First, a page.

The Cavatina, the fifth movement of opus 130, reveals the most intimate, vulnerable side of the composer in a lyrical outpouring that seems to flow from the deepest wellspring of human experience. Indeed, Beethoven confided to a friend that every time he thought of this piece, it brought tears to his eyes. In the middle section, marked beklemmt (choked), the first violin plays a series of fragmentary utterances, rhythmically at odds with the triplet ostinato played by the three lower instruments. Music’s most natural impulse – to spin itself out in melody – seems to be in serious danger, as if the singer of the beautiful melodies of the Cavatina had lost his way. This section is in C-flat major, a key that lies beyond the normal harmonic spectrum and which, in a sense, exists only in relation to other keys. Enharmonically it may seem identical to B major, but not in the hands of string players sensitive to the nuance of its color and to the context in which the key is reached: by a slow, simple stepwise descent from the home key, E-flat, to D-flat, and finally to C-flat. Sometimes I wonder whether Beethoven would have found his way to this strange tonal and rhythmic soundscape had his hearing been normal. The coda of the first movement of the Eroica Symphony, composed more than two decades earlier, descends similarly, but from E-flat to D-flat, and then to a bright, blaringly assertive C-major, something entirely different. After this middle section, the Cavatina’s tender aria returns, but the movement that follows, the Grosse Fuge, smashes all preconceptions about melody, harmony, and structure. The main theme of the fugue is a series of huge, vaulting leaps with jagged rhythmic contours. Here the fragmentation of melody, only hinted at in the two preceding movements, irrevocably changes the musical landscape in an unruly masterpiece that catapults its listeners to the frontier of Modernism.
When the Emerson String Quartet began to perform opus 130 with the Grosse Fuge as its finale, some of its most transgressive moments led me to think of Beethoven as a mad scientist who had discovered and then unleashed a dangerous new form of energy in his laboratory. Years later, the distinguished physicist Brian Greene asked my quartet to provide musical analogies to accompany his lectures on superstring theory. Some of the examples that Brian and I agreed upon were meant to reveal parallels between the histories of physics and of music. For example, Newton’s clockwork conception of the universe was illustrated by a Bach fugue, in a transcription from The Well-Tempered Clavier. For the section of his lecture in which Professor Greene described Einstein’s radical departure from classical physics with the Special Theory of Relativity in 1905, I found a parallel in the breakdown of tonality, exemplified by two works of Webern written around the same time: the Langsamersatz, with its sumptuous melodic lines, and the Fünf Sätze, op. 5, in which the earlier tendency to luxuriate in long lines yields to a compression of the Romantic impulse into brief motivic gestures, whose harmonic language is pungent with dissonance and unmoored from any sense of a keynote.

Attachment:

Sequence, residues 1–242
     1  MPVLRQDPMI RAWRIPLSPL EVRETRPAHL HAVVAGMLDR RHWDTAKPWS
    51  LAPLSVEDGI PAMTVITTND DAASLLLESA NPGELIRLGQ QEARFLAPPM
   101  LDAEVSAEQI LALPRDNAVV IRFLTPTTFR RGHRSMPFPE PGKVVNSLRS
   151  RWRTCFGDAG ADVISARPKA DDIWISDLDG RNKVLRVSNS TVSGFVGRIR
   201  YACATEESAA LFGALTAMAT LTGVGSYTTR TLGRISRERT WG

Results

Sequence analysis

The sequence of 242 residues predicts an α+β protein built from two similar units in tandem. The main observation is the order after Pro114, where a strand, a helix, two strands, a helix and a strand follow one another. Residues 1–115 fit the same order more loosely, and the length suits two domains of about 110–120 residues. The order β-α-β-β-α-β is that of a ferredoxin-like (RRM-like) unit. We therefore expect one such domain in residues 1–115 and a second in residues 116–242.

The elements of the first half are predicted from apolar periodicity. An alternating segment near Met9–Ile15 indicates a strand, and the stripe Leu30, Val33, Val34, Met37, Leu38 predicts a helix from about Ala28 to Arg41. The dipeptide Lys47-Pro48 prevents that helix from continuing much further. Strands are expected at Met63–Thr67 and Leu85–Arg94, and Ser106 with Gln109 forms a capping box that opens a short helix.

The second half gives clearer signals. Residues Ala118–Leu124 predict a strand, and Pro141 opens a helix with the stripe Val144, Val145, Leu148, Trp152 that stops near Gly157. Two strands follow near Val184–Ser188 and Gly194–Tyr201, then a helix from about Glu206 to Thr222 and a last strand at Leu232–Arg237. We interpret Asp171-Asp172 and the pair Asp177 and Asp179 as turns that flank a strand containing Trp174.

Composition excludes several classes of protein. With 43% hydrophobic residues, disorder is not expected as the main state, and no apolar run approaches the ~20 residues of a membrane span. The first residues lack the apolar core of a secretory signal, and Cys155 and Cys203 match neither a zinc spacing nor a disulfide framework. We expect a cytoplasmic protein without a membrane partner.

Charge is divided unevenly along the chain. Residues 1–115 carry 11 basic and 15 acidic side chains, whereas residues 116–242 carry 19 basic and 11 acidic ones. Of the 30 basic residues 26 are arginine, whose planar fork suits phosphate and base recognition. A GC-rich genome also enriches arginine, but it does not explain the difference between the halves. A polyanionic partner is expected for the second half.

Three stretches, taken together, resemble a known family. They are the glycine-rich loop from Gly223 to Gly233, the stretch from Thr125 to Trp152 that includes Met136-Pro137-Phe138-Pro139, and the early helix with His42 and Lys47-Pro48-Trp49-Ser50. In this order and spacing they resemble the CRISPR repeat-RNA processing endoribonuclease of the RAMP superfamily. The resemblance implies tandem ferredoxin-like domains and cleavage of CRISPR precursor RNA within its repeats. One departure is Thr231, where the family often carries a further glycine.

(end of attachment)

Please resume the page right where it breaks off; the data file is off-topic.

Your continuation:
Apart from historical parallels, some of our selections for the lecture aimed to portray, through a sort of musical onomatopoeia, the physical concepts themselves. The constantly vibrating sub-microscopic loops of energy posited by string theory found a sonic counterpart in the muted, frenetic activity of the Allegro misterioso of Berg’s Lyric Suite.
Superstring theory depends on the hypothesis that all physical phenomena are manifested within multiple dimensions, far beyond the three that are perceptible to our senses and within which we are aware of moving. I had developed a pet theory about the Grosse Fuge, which Brian Greene embraced as the perfect musical mirror for the moment when he asked his listeners to envision those other dimensions.
In the five-octave range in which most string quartet music unfolds, the relentless leaps of the main subject (paired with the syncopated, strenuously emphatic countersubject) cause the four instruments continually to get in each other’s way, because their registers simply aren’t far enough apart. But in Beethoven’s auditory imagination, liberated from the constraints of acoustic reality and augmented by the decades in which he had hammered away at startlingly original ideas in his head, there may have been extra dimensions, so to speak – extra room for the fugal subject to stretch out and claim its own space without jostling the next presentation of the same subject by another instrument. To extend this line of thinking a bit further, one could imagine that the dissonant sparks set off by the confrontation and collision of repeated statements of both subject and countersubject, as well as the counterpoint of equally angular episodic material, were less shocking to Beethoven than they were to the ears of his bewildered contemporaries. Was this because his untethering from the auditory world had impaired his ability to compose? On the contrary, it enabled him to continue on his maverick path, in which (in every period of his output, but especially in the late music) he discovered new vistas and extended the realm of the possible.
Do I believe literally in my theory about the extra dimensions within Beethoven’s musical imagination? Perhaps – as an illustration of a fascinating scientific concept. What I’m sure I believe is that performers and listeners, when confronted with the astonishing pathways that Beethoven asks us to tread with him, might find it helpful to respond to his soaring, often overpowering imagination with metaphors of their own. We have to expand our emotional range and cognitive horizons to keep up with him.
Parts of this essay have been reworked from my program note for the Emerson String Quartet’s recording of the complete Beethoven quartets, DGG 447075-2, and from my liner notes for a single CD called “Key to the Quartets,” DGG 447083-2.
 For an in-depth consideration of the various French and German translations and revisions of the play that might have been known to Beethoven, see Steven Whiting, “Beethoven Translating Shakespeare: Dramatic Models for the Slow Movement of the String Quartet Op. 18, No. 1,” Journal of the American Musicological Society 71 (2018): 795-838.